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Planck: Exploring the Birth of Our Universe
August 26, 2009

[image-62] Planck is a European Space Agency mission with significant participation from NASA. It was launched into space from French Guiana in May of 2009, and now orbits a distant point, called the second Lagrange point of our Earth-sun system, about 1.5 million kilometers (930,000 miles) away. Planck will give us the best view yet of the early moments of cosmic history - moments that are responsible for all we see around us today. It will make most the precise measurements to date of tiny variations in the universe's oldest light, called the cosmic microwave background, created more than 13 billion years ago. The mission will refine our estimates of the size, mass, age, composition, geometry and fate of the universe - whether it will collapse in on itself, or expand forever.

NASA played key roles in the mission's development, and will provide important contributions to data and science analyses. NASA's Jet Propulsion Laboratory in Pasadena, Calif., built critical components of Planck's science instruments, including bolometers for the mission's high-frequency instrument; a 20 Kelvin cryocooler for both the low- and high-frequency instruments; and amplifier technology for the low-frequency instrument.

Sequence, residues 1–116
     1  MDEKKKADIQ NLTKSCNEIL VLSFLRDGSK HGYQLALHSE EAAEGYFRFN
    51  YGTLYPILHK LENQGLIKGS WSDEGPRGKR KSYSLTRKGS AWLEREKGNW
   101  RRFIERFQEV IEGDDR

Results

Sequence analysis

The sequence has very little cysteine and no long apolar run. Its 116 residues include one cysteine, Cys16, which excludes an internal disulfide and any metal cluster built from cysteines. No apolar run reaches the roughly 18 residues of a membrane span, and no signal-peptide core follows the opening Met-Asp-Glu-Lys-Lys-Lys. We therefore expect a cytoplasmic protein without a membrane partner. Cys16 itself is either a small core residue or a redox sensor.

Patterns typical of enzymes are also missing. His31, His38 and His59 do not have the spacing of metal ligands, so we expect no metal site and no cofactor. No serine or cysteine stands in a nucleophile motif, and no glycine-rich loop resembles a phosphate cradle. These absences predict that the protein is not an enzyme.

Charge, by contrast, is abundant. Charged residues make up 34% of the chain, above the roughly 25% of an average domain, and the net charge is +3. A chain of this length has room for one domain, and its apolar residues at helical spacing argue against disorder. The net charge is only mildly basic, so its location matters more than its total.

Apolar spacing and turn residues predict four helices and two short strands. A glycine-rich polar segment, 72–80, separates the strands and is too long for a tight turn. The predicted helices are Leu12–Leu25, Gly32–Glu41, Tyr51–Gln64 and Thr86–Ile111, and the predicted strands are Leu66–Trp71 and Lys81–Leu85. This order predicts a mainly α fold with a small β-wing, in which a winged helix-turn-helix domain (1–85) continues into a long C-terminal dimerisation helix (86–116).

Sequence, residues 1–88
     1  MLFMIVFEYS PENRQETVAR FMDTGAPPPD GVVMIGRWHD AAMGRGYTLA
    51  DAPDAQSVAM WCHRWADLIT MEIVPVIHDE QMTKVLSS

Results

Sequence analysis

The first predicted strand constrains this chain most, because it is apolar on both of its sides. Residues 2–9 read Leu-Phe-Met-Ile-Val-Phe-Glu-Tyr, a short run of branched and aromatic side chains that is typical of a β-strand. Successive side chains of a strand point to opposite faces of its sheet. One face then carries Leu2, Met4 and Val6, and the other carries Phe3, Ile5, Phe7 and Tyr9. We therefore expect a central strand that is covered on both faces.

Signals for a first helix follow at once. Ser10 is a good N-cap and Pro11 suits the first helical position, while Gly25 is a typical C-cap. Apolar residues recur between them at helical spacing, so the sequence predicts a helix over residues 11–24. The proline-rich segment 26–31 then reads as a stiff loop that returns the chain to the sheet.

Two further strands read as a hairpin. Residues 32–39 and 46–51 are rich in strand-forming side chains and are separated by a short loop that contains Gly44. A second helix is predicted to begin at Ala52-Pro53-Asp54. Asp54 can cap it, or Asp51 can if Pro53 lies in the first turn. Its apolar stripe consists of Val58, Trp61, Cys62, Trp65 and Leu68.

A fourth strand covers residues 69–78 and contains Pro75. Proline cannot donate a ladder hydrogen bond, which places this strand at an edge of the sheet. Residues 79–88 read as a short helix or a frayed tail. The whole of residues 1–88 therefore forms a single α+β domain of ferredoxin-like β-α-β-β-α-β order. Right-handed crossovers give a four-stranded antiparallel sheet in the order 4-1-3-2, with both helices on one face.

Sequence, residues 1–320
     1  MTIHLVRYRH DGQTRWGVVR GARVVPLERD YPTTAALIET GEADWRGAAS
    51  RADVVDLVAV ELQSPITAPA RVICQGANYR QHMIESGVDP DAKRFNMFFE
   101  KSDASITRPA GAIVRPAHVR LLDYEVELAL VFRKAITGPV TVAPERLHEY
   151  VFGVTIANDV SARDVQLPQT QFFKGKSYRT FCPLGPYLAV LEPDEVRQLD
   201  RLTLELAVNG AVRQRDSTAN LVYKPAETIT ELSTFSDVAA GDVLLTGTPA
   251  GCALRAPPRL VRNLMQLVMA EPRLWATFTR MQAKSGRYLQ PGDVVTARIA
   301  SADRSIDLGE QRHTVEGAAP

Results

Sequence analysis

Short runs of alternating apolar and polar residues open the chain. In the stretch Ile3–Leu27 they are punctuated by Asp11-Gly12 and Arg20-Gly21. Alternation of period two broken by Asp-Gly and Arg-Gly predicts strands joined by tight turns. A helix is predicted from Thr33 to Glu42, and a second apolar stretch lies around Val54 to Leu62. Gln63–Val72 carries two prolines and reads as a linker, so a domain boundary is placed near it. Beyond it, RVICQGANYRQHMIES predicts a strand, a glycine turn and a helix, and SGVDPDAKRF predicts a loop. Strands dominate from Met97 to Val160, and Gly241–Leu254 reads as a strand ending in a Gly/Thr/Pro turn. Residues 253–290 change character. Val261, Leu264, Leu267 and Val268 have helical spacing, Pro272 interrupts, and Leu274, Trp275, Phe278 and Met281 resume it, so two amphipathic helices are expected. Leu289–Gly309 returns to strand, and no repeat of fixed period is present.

The U.S. Planck team will play a major role in data and science analyses, with a primary tool being the Franklin supercomputer at the National Energy Research Scientific Computing Center in Berkeley, Calif. One of the world's fastest computers, Franklin will handle the most computationally intensive analysis jobs for the Planck team worldwide. The team will produce a catalogue of cosmic objects, called the Early Release Compact Source Catalogue, which will be released to the public nine months after completion of the first sky survey.

The U.S. Planck team comprises scientists from JPL; the California Institute of Technology, Pasadena; the Infrared Processing and Analysis Center at Caltech; University of California, Berkeley; University of California, Davis; University of California, Santa Barbara; Haverford College, Pa.; University of Illinois at Urbana-Champaign; the Lawrence Berkeley National Laboratory, Berkeley, Calif.; Princeton University, New Jersey; University of Miami, Fla.; Stanford University, Palo Alto, Calif.; and University of Southern California, Los Angeles.

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Artist's concept of the Planck spacecraft
Artist concept of Planck.
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Page Last Updated: May 7th, 2014
Page Editor: Tony Greicius